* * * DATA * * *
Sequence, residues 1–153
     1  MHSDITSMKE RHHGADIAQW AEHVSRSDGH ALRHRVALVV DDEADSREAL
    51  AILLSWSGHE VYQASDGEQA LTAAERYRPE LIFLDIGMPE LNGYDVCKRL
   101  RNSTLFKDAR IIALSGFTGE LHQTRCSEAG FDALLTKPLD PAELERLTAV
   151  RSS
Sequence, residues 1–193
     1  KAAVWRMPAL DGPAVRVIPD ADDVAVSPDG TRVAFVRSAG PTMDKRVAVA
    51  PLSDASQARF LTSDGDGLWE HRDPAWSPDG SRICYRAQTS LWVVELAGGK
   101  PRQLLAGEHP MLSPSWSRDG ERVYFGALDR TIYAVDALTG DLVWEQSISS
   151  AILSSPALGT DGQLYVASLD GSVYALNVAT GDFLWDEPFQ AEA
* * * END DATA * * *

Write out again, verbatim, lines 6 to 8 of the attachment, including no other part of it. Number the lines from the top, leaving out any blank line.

Sequence, residues 1–193
     1  KAAVWRMPAL DGPAVRVIPD ADDVAVSPDG TRVAFVRSAG PTMDKRVAVA
    51  PLSDASQARF LTSDGDGLWE HRDPAWSPDG SRICYRAQTS LWVVELAGGK